COVID-19 impact, economics, health, women, workforce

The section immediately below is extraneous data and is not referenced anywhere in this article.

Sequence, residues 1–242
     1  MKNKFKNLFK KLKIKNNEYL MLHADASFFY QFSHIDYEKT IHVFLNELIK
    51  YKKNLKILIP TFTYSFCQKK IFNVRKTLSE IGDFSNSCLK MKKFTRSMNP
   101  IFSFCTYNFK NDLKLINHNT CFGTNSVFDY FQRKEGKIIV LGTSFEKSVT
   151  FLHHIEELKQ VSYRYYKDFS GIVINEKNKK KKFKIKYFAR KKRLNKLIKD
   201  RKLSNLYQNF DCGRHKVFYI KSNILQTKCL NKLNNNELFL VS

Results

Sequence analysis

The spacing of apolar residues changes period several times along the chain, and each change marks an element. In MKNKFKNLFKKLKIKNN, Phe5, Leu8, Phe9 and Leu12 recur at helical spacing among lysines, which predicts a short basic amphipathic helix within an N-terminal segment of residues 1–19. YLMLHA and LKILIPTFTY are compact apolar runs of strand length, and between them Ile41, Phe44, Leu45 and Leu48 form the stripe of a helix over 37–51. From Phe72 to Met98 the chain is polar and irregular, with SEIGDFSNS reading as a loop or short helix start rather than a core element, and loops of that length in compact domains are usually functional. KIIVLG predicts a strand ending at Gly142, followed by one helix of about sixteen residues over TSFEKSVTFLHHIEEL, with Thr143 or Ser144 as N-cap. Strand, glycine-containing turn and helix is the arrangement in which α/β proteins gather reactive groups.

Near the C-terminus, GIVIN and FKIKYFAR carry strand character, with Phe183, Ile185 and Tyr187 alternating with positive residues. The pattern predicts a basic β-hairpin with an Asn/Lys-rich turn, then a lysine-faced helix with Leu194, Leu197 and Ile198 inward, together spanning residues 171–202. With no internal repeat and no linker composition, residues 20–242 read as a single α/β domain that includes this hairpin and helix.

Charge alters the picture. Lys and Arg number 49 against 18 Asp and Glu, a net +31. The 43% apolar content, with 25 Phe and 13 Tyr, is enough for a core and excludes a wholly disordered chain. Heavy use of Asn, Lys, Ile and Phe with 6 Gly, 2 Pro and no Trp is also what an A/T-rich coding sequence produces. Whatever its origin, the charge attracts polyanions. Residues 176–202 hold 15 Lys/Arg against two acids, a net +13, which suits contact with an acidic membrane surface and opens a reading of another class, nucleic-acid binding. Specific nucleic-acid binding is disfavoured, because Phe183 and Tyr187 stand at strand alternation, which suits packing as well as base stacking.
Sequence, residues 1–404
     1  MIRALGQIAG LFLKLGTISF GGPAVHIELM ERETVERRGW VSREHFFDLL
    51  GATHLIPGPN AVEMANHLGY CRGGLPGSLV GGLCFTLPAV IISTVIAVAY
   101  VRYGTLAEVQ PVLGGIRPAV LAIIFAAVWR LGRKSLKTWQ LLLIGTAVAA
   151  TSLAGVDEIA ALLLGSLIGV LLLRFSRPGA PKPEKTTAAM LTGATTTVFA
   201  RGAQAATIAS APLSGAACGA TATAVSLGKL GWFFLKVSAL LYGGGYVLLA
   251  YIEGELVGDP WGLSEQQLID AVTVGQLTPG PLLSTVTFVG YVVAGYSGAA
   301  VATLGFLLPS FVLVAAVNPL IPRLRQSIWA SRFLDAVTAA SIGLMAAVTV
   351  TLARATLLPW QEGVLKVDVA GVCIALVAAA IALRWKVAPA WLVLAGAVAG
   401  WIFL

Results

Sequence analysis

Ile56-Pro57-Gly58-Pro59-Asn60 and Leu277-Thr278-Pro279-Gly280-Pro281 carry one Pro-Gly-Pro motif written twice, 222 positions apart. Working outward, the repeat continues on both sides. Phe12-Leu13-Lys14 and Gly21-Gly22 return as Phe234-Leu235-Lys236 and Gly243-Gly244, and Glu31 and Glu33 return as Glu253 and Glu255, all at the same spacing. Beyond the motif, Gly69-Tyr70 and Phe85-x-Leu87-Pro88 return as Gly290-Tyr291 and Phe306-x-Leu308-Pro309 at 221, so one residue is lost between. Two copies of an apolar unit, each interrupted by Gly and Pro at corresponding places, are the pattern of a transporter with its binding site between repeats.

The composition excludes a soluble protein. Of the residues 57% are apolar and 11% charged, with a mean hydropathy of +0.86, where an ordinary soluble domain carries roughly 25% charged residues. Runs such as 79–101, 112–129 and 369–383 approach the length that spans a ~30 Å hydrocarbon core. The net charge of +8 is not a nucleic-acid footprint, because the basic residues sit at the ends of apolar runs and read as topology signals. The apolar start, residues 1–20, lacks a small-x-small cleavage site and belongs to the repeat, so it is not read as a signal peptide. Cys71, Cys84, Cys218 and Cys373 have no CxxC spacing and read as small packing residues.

This paper analyzes national and global statistical data and reports to investigate the status of women in the workforce subsequent to the 2020-2021 COVID-19 pandemic in the United States, identify issues, and propose a path forward. The disproportionate adverse effects of the pandemic included higher unemployment rates among women and greater job losses within female dominated industries and women owned businesses as compared with men, and health challenges heightened by pandemic-related stresses. Further, the responsibility for compensating for the sudden removal of accessible childcare services which followed school and daycare disruptions and closings nationwide, overwhelmingly fell to women—whether they were single or married. Some analysts report that the pandemic served to reassert the unequal division of labor in the household between men and women. Researchers have posited that the pandemic’s impact will retard women’s progress in the workforce for decades if not generations. Strategies for counteracting these effects must entail targeted measures focused on promoting women’s re-entry in the workforce including: the normalization of flexible work schedules to foster a more balanced home and work-life for women, increased family leave for mothers and fathers, more quality and affordable childcare as well as more onsite childcare facilities to meet employees’ needs.

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